That is the same tension the Pharisees faced.  That battle between two kingdoms.  The kingdom they lived in vs. the kingdom of God.  Jesus was in front of them.  Jesus was talking to them.  And they missed Him.

Do you feel that tension?  That internal conflict?  That tension between giving and getting?

Secondly, the reason we focus on money is because we can clearly see how it would help us today, right now.  What we struggle to see is how God will help us today, right now.  Money seems to be so practical and helpful.  More of God seems spiritual and fuzzy.  Maybe we don’t mind having a belief that God exists, but we struggle believing that God will care for me today, right now, this week.  I have 3 questions for you.

Question 1: If you consider yourself a Christian and you attend church, Do you believe God removed your sins, and when you die, God knows your name and will place you into heaven for eternity?  If the answer is yes, I have a follow up question.  Those things are spectacular.

Question 2: Do you believe that the God who can do the spectacular, who knows your name and will place you into heaven for eternity, will struggle to take care of you today?

Question 3: Do you realize how silly it sounds to say that God of the universe who knows my name can put me into heaven for all eternity, but I don’t believe He will take care of me today?

Jesus stands in front of the religious leaders.  He is the Son of God.  He is the Messiah.  He says, you can’t love God and be enslaved to money.  The religious leaders scoffed and ridiculed him.  They couldn’t see that God would care for them.  They could only see how money would give them what they wanted today.  There was no belief or understanding that if I give my life to God, He will care for me today.

Do you feel that tension?  Do you feel that conflict?  Do you wonder, if I give my life to God, will He care for me today?

Third, we must understand that money is a tool.  And when used well, it is a good and helpful tool.    Have you ever met people who are angry or frustrated when the church talks about money?  They quickly assume all the church wants is your money.

Let’s talk about what the Bible says about money.  The Bible teaches to save for retirement.  That sounds awful [sarcasm]!  The Bible teaches about saving for a rainy day – terrible [sarcasm]!  God wants us to stay out of debt – that’s over the line [sarcasm]!  Imagine living in financial freedom!  Who could ever serve a God who wants us to live in financial freedom [sarcasm]?

Money is good when you understand it’s a tool.  However, the love of money is different.  That’s evil; it’s called greed.  Money is never the problem.  The real problem is our misunderstanding of money.  It’s a tool, not a love affair.  So, make as much money as you want, but always remember, only God is the source of life.  No matter how well off you are, you are completely dependent on God for your source of joy and peace.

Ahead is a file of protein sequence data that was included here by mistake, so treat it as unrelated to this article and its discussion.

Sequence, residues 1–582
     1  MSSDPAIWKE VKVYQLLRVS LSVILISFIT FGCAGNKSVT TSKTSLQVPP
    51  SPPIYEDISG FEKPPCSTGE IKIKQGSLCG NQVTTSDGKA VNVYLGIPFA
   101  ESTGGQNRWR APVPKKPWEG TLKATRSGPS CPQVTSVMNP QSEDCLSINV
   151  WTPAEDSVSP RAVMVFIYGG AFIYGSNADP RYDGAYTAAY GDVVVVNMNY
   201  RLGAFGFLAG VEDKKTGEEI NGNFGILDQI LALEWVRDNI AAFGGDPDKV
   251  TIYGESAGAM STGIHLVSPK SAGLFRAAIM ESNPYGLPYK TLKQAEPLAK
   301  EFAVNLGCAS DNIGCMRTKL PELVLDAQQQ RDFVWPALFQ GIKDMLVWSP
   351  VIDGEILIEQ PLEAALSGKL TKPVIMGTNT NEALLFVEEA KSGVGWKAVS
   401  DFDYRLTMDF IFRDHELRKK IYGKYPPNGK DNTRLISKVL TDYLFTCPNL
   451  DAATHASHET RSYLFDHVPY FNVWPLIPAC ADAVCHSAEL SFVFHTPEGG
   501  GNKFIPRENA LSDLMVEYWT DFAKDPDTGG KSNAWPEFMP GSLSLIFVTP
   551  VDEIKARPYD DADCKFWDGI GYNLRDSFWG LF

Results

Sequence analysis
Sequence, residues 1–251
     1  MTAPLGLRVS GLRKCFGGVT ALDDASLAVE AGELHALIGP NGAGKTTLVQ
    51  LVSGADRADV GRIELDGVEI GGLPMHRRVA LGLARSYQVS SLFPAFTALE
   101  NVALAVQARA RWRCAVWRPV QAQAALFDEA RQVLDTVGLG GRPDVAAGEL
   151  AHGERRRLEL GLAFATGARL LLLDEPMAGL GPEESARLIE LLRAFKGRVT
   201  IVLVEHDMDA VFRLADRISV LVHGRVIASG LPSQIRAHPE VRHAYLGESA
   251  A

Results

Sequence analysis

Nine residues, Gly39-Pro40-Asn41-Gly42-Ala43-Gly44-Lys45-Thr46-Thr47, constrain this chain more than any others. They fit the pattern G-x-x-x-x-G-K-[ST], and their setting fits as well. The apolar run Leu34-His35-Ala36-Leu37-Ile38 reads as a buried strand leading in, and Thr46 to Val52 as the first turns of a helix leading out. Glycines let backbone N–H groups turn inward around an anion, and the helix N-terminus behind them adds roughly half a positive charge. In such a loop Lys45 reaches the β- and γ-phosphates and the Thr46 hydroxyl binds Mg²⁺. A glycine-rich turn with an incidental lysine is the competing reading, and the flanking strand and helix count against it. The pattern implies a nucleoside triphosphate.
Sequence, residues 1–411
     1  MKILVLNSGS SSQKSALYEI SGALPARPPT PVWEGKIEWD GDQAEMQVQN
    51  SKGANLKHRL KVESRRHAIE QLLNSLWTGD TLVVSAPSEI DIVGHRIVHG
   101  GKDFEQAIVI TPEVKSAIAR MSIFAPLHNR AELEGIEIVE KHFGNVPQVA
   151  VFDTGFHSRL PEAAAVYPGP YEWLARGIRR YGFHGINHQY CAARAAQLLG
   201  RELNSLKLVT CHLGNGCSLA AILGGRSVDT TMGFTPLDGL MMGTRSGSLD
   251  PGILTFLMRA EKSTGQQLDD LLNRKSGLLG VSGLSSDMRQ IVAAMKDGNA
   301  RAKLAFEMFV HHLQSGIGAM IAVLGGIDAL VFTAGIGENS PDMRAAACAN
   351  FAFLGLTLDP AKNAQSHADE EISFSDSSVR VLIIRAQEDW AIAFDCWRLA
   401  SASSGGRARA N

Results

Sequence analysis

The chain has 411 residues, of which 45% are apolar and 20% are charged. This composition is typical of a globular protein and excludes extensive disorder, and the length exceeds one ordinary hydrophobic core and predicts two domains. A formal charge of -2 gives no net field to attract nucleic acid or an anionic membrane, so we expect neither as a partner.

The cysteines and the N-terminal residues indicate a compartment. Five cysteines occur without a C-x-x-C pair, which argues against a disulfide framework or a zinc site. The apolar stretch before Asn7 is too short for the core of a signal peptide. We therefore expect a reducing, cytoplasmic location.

This is why the religious leaders missed Jesus.  They viewed money as a love affair.

Do you feel that tension?  Do you feel that conflict?  To you, is money a tool or has it become a love affair?

Real quickly.  If you are in debt, work two jobs to get out of debt.  It’s okay to work and work hard.  Stay out of debt.  Have a rainy-day fund.  Save for retirement.  Again, money is a tool, not a love affair.  Money is a good thing as long you understand how to use it.

I don’t want you to miss Jesus because of money or stuff.

To close today, I want to ask you, do you feel tension about this issue?  If you do, it’s not a surprise.  There are two kingdoms clashing.  The kingdom we live in vs. the kingdom of God.

Imagine Jesus standing in front of you saying,

“No one can serve two masters. For you will hate one and love the other; you will be devoted to one and despise the other. You cannot serve God and be enslaved to money.” NLT Luke 16:13

How would you respond?  Would you scoff at Him, ridicule Him?  Walk away and think He just doesn’t get it.

If you feel tension around this issue, I want you to think through these questions.

How do I view money?

Ask yourself, is money a tool to live well?

Ask yourself, is money a love affair – the one thing I need more than anything else?

Is it possible, like the religious leaders, that I could miss Jesus because I scoff at money talk in church?

Ask yourself, if I have tension about money talk – why?

Ask yourself, if I have tension about money talk – what does it reveal about what is in my heart?

Ask yourself, if I have tensions about money talk – what does it reveal about my trust and faith in God?

Ask yourself, in this past year, am I closer to God?

Christmas is the story of God – God bringing heaven down to us.  The point of your life is to get to know God.  Please don’t miss the love God has for you because you love money more.